The Israeli Radical Left

An Ethics of Complicity

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Fiona Wright
The Ethnography of Political Violence
  • University Park, PA: 
    University of Pennsylvania Press
    , July
     208 pages.
     For other formats: Link to Publisher's Website.


In The Israeli Radical Left, Fiona Wright traces the dramatic as well as the mundane paths taken by radical Jewish Israeli leftwing activists, whose critique of the Israeli state has left them uneasily navigating an increasingly polarized public atmosphere. This activism is manifested in direct action solidarity movements, the critical stances of some Israeli human rights and humanitarian NGOs, and less well-known initiatives that promote social justice within Jewish Israel as a means of undermining the overwhelming support for militarism and nationalism that characterizes Israeli domestic politics. In chronicling these attempts at solidarity with those most injured by Israeli policy, Wright reveals dissent to be a fraught negotiation of activists' own citizenship in which they feel simultaneously repulsed and responsible.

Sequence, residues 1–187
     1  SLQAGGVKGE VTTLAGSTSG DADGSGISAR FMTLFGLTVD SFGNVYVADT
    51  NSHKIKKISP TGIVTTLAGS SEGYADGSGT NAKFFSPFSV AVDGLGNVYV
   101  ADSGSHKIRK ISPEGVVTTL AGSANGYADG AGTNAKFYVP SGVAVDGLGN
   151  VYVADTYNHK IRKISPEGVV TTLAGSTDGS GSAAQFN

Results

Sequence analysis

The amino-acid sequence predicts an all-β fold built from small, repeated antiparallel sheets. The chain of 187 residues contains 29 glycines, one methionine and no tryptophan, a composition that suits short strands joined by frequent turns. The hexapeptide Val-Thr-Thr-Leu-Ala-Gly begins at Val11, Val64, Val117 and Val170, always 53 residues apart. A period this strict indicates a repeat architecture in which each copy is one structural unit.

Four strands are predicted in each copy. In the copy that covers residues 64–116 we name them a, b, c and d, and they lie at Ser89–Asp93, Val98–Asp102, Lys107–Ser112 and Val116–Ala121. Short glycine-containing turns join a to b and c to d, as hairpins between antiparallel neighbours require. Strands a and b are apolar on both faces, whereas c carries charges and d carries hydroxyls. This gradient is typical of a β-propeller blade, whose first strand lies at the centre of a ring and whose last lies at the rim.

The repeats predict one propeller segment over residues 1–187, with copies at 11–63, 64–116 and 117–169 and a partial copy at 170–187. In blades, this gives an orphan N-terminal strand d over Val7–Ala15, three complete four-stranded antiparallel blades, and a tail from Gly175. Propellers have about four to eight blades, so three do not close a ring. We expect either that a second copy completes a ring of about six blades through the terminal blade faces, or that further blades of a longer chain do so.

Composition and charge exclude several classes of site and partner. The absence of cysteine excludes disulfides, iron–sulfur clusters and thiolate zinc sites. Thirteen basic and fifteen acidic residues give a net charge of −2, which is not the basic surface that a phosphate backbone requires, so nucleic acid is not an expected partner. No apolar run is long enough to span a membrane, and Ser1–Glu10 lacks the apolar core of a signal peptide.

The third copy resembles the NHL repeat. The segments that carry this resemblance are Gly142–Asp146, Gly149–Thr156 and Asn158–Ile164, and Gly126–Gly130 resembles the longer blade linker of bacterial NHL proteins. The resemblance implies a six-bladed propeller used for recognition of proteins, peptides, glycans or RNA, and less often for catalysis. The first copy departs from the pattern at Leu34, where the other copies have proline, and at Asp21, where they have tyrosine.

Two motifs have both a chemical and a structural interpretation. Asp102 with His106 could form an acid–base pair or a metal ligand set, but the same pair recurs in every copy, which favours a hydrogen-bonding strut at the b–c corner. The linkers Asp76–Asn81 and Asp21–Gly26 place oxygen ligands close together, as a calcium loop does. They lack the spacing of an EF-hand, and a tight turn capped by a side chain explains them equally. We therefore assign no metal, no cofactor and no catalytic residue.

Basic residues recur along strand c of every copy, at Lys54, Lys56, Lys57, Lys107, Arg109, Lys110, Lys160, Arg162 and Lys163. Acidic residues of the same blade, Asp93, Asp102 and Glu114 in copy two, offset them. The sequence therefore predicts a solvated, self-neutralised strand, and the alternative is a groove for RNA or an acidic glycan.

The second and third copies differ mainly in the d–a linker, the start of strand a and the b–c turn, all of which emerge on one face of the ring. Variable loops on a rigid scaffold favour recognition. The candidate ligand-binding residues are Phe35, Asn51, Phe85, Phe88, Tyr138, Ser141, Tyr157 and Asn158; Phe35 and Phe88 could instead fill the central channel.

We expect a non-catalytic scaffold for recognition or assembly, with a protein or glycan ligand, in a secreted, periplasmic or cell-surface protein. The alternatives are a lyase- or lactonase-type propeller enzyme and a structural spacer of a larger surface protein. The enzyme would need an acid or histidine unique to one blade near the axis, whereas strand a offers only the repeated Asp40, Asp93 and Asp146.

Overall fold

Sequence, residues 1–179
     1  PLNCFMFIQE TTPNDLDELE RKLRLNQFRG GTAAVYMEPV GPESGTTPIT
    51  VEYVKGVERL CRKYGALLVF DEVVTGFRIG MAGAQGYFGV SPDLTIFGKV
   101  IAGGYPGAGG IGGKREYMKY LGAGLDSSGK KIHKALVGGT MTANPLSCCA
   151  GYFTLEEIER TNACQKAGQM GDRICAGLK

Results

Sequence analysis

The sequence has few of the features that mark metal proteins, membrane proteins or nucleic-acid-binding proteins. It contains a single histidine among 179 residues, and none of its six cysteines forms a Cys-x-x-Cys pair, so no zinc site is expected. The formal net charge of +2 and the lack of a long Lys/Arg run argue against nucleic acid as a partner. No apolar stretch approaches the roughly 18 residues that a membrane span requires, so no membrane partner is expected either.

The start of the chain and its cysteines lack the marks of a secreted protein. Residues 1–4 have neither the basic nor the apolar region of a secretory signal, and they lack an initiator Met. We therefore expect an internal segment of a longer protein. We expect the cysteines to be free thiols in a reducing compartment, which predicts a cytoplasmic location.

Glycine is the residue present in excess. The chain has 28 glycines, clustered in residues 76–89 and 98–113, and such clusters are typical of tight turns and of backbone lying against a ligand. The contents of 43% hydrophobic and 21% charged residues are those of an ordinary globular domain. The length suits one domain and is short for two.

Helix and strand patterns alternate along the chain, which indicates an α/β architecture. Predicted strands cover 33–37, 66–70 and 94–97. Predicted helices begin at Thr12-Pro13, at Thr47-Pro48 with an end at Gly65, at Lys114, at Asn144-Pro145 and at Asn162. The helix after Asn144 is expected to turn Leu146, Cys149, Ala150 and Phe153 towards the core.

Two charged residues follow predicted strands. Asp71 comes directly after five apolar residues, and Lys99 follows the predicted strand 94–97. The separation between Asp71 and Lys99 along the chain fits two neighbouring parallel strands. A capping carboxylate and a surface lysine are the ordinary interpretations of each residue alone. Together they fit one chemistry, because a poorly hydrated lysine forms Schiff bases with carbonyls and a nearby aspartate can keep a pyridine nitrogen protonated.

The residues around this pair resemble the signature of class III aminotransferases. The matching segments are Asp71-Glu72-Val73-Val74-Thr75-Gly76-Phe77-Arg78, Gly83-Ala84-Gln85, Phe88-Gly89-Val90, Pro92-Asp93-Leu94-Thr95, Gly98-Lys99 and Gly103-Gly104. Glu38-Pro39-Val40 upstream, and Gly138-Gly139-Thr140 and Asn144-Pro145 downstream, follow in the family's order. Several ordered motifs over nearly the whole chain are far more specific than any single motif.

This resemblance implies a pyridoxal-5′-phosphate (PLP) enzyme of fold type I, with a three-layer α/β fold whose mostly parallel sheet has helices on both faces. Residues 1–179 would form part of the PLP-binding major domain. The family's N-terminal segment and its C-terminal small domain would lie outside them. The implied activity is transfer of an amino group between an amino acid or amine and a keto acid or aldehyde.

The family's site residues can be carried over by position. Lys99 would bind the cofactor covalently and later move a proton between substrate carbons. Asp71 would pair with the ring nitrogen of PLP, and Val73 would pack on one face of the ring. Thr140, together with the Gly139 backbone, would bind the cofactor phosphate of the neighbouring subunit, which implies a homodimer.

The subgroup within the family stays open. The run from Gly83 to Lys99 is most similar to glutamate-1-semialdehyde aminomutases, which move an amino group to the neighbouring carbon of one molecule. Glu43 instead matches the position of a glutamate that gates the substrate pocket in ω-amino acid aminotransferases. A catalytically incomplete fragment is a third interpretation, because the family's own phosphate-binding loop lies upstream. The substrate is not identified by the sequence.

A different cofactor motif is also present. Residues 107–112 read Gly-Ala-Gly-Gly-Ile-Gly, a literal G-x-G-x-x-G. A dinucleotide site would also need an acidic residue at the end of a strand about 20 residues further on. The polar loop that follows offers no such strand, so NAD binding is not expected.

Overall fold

Based on eighteen months of fieldwork, The Israeli Radical Leftprovides a nuanced account of various kinds of Jewish Israeli antioccupation and antiracist activism as both spaces of subversion and articulations of complicity. Wright does not level complicity as an accusation, but rather recasts the concept as an analysis of the impurity of ethical and political relations and the often uncomfortable ways in which this makes itself felt during moments of attempted solidarity. She imparts how activists persistently underline their own feelings of complicity and the impossibility of reconciling their principles with the realities of their everyday lives, despite the fact that the activism in which they engage specifically aims to challenge Jewish Israeli citizens' participation in state violence. The first full ethnographic account of the Israeli radical left, Wright's book explores the ethics and politics of Jewish Israeli activists who challenge the violence perpetrated by their state and in their name.

About the Author(s)/Editor(s)/Translator(s): 

Fiona Wright is a Research Associate in Social Anthropology at the University of Cambridge.


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